Forward to the basics: Accountability


By Rev. Glenn Martin
Advocate Columnist

Editor’s note: Fourth in a series.

An Ole Miss football fan got into an area where LSU fans were yelling for their team in a long-standing rivalry. LSU was driving toward the goal when one of their fans tapped the shoulder of the Ole Miss fan and said, "I'll bet you $10 we score." The Ole Miss fan turned around and said, "Man, I'm a Methodist preacher," to which the LSU fan quickly responded, "OK, I'll bet you $2."

Many church folks frequent casinos for the good food and a little "affordable" gambling. That's one way of risking a habit with growth potential and serious consequences. Our sinful natures tend toward indulgence, whether in a casino, on-line, drinking, or "all you can eat" food bars. History verifies it. Our vision verifies the wide span food bar habit.

America has become a nation of excesses and of forbidden fruit. The old farmer said, "If yo' outgo exceed yo' income, yo' upkeep gon' become yo' downfall." We are now facing the results of decades of careless living. "You shall reap what you sow" is a Biblical, agricultural, moral, spiritual and economic principle.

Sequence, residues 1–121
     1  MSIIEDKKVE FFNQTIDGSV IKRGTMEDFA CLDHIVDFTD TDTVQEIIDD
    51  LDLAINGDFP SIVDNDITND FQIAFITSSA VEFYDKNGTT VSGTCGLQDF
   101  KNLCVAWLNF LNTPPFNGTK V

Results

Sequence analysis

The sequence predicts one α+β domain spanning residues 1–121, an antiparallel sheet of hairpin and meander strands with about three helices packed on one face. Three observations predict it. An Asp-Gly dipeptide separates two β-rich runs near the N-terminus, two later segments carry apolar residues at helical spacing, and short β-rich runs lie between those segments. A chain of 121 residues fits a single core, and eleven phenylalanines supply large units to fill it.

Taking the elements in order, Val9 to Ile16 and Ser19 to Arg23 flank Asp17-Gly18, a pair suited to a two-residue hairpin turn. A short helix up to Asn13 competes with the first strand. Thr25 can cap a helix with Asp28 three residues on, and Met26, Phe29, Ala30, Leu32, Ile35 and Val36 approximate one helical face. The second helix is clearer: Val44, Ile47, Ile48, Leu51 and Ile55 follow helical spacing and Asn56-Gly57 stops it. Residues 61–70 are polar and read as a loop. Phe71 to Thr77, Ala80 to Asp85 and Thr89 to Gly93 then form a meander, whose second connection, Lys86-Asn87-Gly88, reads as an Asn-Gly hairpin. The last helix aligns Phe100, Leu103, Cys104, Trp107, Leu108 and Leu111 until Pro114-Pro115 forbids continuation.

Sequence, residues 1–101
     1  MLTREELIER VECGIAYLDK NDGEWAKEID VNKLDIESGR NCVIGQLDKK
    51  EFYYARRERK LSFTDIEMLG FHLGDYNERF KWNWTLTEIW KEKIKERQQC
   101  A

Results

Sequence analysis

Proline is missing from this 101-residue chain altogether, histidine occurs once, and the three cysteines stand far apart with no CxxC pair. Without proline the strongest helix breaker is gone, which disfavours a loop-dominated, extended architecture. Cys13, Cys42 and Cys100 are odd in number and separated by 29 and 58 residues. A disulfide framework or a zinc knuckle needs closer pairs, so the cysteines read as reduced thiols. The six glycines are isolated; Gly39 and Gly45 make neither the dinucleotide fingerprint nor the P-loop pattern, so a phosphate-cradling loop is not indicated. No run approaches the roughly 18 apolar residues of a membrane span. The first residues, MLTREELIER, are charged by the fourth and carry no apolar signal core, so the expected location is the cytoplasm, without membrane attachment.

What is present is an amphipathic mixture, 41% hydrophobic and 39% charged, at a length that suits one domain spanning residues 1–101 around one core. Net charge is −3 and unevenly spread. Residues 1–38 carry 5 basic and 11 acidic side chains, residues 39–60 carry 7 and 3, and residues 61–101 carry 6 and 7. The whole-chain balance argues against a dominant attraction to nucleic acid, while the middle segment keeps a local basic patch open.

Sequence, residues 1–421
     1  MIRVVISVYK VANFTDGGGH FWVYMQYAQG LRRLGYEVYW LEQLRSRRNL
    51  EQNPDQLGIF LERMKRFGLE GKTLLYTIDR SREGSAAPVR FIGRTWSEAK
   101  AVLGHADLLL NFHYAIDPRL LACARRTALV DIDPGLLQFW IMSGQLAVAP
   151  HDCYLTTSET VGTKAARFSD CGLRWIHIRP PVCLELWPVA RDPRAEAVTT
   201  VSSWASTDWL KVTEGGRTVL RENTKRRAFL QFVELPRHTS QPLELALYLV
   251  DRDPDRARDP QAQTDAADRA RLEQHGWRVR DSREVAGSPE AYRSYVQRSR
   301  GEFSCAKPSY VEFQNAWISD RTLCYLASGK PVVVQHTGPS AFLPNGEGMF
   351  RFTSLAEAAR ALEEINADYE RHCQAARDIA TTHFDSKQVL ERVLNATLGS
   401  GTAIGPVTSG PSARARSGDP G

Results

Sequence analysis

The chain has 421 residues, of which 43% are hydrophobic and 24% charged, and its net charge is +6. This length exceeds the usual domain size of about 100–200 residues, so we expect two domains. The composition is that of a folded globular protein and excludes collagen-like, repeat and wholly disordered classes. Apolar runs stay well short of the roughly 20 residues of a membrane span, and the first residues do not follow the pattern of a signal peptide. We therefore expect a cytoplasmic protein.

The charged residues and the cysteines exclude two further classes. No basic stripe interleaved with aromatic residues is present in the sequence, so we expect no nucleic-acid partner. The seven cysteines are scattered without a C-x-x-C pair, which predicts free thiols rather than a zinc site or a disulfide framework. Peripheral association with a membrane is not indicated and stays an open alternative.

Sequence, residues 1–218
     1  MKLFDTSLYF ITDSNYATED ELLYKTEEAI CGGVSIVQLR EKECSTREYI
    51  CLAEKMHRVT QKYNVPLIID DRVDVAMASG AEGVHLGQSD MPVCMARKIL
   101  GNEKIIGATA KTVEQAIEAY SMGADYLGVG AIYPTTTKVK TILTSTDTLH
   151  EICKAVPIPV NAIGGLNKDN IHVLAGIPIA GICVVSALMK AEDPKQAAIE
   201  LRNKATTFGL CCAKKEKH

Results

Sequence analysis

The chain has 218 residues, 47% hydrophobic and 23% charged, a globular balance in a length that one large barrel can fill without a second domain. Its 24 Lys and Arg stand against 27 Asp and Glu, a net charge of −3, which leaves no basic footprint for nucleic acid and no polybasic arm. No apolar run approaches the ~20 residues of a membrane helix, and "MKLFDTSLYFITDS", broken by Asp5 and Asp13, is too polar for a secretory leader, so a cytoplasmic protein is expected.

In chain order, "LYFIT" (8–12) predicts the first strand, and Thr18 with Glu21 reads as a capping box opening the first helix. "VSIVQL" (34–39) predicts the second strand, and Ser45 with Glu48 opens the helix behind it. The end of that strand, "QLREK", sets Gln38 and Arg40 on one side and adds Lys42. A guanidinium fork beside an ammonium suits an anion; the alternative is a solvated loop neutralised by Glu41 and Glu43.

Bailout and stimulus may be genuine efforts to help, but any real reversal of our dilemma will come with accountability — moral, spiritual and economic — to God and to each other. Who got us into this mess? We tend to blame those we elect. I believe it's safe to say that unredeemed human beings from the top CEOs to the one who steals a small item from his employer is a contributor.

Pure honesty must have escaped our attention. Deception in our legal system, in commercials, and in corporate bookkeeping seems to be more prevalent than truth. The Ten Commandments have not only been removed from most public display, but also from our hearts as well. They are God's requirements for our well-being.

Ezekial quotes God, " ... they who follow my statutes and keep my ordinances and obey them ... they shall be my people and I will be their God." (11 :20) Every effort to remove God from our focus, whether through so-called separation of church and state, forbidding Bibles in a classroom or prayer before a ball game is an affront to the Almighty and leads us into a pagan culture which God has no reason to protect and sustain.

Irresponsible behavior at home or church, in business or pleasure, is condemned by the red letters of the new covenant. Jesus said if it offends, cut it off. The supreme price paid for our sinfulness on a rugged cross was not to increase our sin but to stop it. Our God promises accountability both now and in the final judgment. The expensive commercials call for drinkability. God requires accountability.

Focus on the scripture, on the cross, and on the Savior. That will produce accountability to God and each other. Our relationship to God is not by birth; it is by faith when we trust and obey.

Martin is a retired clergy member of the Mississippi Conference.